LibreOffice to tackle critical bugs with HardHacks program

The intent is to handle the hardest to solve bugs more smoothly, LibreOffice said

LibreOffice plans to more swiftly quash its toughest software bugs through a new program that aims to improve cooperation between its quality assurance team and developers.

On Monday it announced the HardHacks program, in which the QA team will identify the five most critical and annoying bugs, said Björn Michaelsen, a member of the Engineering Steering Committee and board of The Document Foundation, the company behind LibreOffice, in a blog post detailing the plans. These bugs will be handed over to a team of the most experienced core LibreOffice developers.

All HardHack bugs that are selected by the QA team should be in one of LibreOffice's Most Annoying Bug (MAB) lists, Michaelsen said. In general, MABs are problems that impact a large number of users, or make the use of LibreOffice more difficult because they require a work-around that is not easily accessible to all users, said Italo Vignoli, director at The Document Foundation.

The aim of the HardHacks program is to keep awareness of these critical bugs high among the developers and provide qualified feedback biweekly, according to Michaelsen. From now on, the QA team will report the five most critical bugs every other week. They will be assigned to individual developers, who will report back on the problem the next week, he added.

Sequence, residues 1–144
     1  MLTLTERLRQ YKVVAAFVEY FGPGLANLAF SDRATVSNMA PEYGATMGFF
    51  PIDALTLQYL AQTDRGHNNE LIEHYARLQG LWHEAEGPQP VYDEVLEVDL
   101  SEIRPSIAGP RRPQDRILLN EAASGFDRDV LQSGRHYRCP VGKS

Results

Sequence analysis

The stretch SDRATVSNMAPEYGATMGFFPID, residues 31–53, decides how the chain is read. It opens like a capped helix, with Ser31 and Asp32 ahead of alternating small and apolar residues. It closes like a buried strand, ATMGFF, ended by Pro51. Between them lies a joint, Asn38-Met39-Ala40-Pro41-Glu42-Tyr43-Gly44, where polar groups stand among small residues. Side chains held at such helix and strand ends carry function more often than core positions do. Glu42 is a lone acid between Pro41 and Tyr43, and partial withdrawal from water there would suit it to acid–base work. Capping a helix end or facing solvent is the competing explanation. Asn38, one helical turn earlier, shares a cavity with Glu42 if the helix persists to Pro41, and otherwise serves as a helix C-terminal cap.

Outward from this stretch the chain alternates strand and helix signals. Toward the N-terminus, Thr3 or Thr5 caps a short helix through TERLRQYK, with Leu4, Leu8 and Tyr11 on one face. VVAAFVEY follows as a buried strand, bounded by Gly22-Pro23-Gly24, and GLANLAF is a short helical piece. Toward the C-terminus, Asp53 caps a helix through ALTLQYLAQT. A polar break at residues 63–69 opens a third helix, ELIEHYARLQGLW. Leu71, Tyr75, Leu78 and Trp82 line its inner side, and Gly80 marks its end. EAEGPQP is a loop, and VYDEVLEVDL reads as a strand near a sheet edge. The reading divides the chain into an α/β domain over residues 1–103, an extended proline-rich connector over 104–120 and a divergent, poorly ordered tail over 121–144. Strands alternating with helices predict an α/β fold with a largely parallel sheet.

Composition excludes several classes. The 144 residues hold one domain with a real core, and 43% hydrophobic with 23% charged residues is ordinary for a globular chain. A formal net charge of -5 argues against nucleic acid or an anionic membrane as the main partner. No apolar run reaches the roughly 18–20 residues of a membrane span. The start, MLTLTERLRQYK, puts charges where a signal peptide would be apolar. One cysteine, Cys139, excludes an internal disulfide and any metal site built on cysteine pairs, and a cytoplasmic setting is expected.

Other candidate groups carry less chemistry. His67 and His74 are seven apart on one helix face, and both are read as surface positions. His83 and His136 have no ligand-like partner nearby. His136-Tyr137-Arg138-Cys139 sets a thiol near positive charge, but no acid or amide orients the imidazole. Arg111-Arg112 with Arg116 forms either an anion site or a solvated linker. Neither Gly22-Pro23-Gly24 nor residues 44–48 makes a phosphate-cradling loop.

This will hopefully prevent "that awkward silence on some bugs where everyone thinks it's on the other to push this forward," Michaelsen wrote. The program will also "keep the most pressing quality issues present in the minds of the developers," who "might otherwise strive to implement the next shiny and exciting new feature a little too early or too often."

LibreOffice has always focused on hard bugs, according to Vignoli. "But now that we have a larger development community it is quite logical that core developers ... can spend some more time on these tasks," he said. Core developers in the past have spent a lot of time helping new developers get up to speed, he said.

It is also important to keep in mind that LibreOffice is essentially based on volunteer work, and it is not always easy to keep focus when you are a volunteer, Vignoli said.

Changing the way critical bugs are dealt with is a process of a growing and developing community, said Vignoli. LibreOffice is also going to focus on other areas such as certification, marketing and the development of local communities in the near future, he said, "something that we have always done but now that we are better established we will do with more focus and attention."

Loek covers all things tech for the IDG News Service. Follow him on Twitter at @loekessers or email tips and comments to loek_essers@idg.com

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Paul

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LibreOffice is getting better & better!

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